Amazon should do the right thing

This is echoed from my Red Room blog:

In the beginning, I loved the idea that I could make some money through my blog as I guided people to books they might actually use and enjoy.  As soon as the Cemetery Travel blog was really up and running (which is to say, as soon as I figured out how to take the reviews I wrote on Goodreads and republish them on WordPress), I applied to be an Amazon Associate.

It seemed like a win-win situation.  I could pick a cemetery to feature each week, then enthuse wildly over cemetery guidebooks related to it…and people would follow the links to Amazon and treat themselves to a copy.  I could make the shopping process easy.  I could get books into the right hands.  Along the way, I could get a few cents kickback for each book I sold.  What could go wrong?

I didn’t sell a ton of books I reviewed (I reviewed some pretty obscure stuff), but people did click through and examine the books on Amazon.  I could see a slow but steady growth of sales.  It felt great.

Then Amazon sent my first monthly statement.  Since I’d opted to receive a check for my hard work, they wanted me to net $20 worth of kickbacks before they paid me.  I was willing to abide by that, since each month I seemed to be selling more books.

The rules changed.

The California government asked Amazon to pay taxes on the books they sold to people in this state.  If they’d had an actual store here, Amazon would have been liable all along.  However, since they didn’t own so much as a warehouse in California, they’d ducked paying taxes for years.  Now California redefined the Associates as salespeople based in the state, which we are.  Gotcha.

Amazon made a business decision to cut loose their all associates in California, effectively firing us.  While nothing prevents me from continuing to link to books on Amazon and selling them, I no longer get my cut because that would jeopardize Amazon’s tax-free status.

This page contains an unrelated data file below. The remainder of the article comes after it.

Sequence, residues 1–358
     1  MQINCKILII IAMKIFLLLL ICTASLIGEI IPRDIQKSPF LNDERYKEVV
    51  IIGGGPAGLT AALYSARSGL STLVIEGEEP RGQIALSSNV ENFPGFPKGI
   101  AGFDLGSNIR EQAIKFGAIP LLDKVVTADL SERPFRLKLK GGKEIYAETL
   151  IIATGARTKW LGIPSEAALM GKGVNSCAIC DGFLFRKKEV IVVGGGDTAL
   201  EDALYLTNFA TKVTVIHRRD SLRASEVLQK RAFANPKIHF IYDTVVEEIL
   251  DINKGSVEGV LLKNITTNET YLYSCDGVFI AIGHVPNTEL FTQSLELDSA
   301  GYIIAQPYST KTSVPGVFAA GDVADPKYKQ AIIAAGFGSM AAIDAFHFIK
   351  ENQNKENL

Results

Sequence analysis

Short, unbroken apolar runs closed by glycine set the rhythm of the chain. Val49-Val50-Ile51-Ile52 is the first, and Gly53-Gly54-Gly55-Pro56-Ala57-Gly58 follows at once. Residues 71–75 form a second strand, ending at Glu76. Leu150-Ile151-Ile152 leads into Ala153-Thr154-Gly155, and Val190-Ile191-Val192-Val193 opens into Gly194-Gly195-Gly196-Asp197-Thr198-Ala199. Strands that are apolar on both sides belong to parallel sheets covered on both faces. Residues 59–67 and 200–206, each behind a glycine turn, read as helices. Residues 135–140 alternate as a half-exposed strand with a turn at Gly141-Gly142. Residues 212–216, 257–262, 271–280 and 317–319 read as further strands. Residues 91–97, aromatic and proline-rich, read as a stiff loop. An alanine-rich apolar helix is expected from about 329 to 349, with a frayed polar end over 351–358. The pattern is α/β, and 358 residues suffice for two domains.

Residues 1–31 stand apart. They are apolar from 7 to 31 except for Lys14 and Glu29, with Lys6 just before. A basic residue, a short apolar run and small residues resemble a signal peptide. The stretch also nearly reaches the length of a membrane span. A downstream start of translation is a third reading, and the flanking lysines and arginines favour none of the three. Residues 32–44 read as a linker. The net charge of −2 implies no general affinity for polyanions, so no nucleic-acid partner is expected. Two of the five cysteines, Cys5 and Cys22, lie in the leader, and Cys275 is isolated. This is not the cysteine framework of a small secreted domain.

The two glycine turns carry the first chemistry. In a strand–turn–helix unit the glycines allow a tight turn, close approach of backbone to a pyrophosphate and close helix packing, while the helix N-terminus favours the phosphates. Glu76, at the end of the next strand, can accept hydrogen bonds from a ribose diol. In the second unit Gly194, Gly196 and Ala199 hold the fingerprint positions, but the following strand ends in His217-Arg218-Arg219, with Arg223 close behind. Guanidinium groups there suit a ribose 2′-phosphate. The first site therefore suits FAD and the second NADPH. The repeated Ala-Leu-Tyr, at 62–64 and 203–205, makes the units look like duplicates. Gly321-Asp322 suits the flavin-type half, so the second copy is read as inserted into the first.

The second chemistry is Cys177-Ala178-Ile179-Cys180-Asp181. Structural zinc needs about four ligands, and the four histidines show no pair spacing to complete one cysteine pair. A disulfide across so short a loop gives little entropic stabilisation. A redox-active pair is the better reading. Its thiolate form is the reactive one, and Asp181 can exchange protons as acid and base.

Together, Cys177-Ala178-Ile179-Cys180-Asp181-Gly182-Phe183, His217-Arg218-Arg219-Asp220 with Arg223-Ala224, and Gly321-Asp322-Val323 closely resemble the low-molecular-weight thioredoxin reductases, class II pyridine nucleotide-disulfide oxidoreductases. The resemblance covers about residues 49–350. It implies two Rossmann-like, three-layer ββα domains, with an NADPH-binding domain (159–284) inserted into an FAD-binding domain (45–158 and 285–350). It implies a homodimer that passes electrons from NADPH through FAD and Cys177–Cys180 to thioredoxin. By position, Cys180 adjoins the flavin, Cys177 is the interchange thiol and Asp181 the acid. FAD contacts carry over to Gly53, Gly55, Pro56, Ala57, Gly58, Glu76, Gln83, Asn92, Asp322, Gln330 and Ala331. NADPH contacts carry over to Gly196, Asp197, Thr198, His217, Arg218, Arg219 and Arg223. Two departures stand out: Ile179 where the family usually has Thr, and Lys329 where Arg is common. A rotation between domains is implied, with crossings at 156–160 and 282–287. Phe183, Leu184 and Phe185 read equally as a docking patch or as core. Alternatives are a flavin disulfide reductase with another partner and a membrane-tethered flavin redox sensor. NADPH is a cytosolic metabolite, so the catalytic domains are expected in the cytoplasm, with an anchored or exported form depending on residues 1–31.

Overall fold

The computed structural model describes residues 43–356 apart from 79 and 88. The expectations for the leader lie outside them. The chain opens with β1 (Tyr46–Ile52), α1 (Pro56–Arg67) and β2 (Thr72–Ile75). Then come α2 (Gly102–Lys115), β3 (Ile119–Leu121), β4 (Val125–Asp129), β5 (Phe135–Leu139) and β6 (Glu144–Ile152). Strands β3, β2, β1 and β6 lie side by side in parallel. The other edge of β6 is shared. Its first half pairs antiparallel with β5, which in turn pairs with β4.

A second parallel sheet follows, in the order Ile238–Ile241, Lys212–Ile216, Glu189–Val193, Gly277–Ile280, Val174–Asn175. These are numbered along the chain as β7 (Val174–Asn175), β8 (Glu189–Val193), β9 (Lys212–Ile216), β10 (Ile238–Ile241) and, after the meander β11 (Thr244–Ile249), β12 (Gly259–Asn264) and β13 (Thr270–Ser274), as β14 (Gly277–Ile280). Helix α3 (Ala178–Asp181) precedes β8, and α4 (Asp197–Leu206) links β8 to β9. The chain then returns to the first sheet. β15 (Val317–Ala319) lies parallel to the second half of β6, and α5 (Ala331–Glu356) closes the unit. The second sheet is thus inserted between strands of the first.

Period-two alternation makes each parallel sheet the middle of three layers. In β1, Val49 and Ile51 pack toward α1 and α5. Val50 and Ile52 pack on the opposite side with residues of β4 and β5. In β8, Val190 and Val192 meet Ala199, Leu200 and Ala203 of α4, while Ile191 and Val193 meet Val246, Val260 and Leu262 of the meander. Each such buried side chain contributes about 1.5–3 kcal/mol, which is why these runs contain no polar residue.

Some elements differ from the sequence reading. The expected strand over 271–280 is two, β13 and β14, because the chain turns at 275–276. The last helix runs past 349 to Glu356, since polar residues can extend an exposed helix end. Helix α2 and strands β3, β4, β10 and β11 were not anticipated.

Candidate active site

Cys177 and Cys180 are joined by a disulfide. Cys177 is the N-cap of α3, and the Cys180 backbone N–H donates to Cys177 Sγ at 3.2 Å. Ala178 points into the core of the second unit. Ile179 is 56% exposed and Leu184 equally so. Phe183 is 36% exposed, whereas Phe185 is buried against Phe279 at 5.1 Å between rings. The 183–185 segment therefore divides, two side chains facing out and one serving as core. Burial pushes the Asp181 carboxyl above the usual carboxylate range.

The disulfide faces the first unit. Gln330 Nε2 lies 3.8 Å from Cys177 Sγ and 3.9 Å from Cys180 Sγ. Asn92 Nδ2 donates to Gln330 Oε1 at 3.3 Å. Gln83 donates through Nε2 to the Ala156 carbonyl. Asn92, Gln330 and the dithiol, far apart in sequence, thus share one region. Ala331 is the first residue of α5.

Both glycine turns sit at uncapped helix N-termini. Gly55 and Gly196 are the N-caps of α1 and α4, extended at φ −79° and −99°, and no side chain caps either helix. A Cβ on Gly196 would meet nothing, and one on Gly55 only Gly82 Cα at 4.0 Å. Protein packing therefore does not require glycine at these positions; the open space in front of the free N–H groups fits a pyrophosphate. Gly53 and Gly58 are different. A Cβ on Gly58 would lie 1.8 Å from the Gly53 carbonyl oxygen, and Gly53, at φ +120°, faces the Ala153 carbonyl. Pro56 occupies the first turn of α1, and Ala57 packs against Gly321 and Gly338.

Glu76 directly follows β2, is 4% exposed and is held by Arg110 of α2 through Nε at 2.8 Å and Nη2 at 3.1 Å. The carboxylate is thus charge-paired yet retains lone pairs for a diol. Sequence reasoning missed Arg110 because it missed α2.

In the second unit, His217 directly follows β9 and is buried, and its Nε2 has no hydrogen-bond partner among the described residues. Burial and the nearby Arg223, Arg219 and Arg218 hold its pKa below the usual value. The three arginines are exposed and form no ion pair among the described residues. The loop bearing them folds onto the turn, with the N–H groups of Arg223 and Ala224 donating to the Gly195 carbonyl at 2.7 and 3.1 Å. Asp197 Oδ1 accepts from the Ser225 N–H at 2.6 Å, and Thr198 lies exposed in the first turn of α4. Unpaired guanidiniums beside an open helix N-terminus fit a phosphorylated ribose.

So the last couple of months, I’d get an email from Amazon saying I hadn’t sold enough books for them to actually pay me.  Of course, if I sold more books, they wouldn’t count.  Catch 22.

There was no way to get the money I’d already earned.  Every month, the experience made me feel more and more sour.  They were starting to jeopardize having me as a customer.  For the books I want to buy, there’s always eBay.  It might even be cheaper.

Someone at Amazon came to his or her senses.  Wednesday I got an Amazon credit of $1.86 as my payoff for being an associate.  That is the full amount they plan to pay me, minus several dollars in fees for taking the trouble because the amount is so pitiful.

I used it to buy a cemetery book on Amazon.

I like Amazon, since they make it easy to find the obscure small press cemetery books I want — and want to review.  However, I think that if they do business in California, they should pay taxes here.  I’m even willing to pay a little bit more to them for the books I buy, so they can do the right thing.


About Loren Rhoads

I'm co-author of a series about a succubus and her angel. Angelus Rose, the final book, came out in February 2020. I am the editor of Tales for the Camp Fire: An Anthology Benefiting Wildfire Relief. I'm also author of 199 Cemeteries to See Before You Die and Wish You Were Here: Adventures in Cemetery Travel--and a space opera trilogy.
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2 Responses to Amazon should do the right thing

  1. Susan Rose says:

    I don’t know much about it, but I believe Powells books has an affiliate program. Good luck.


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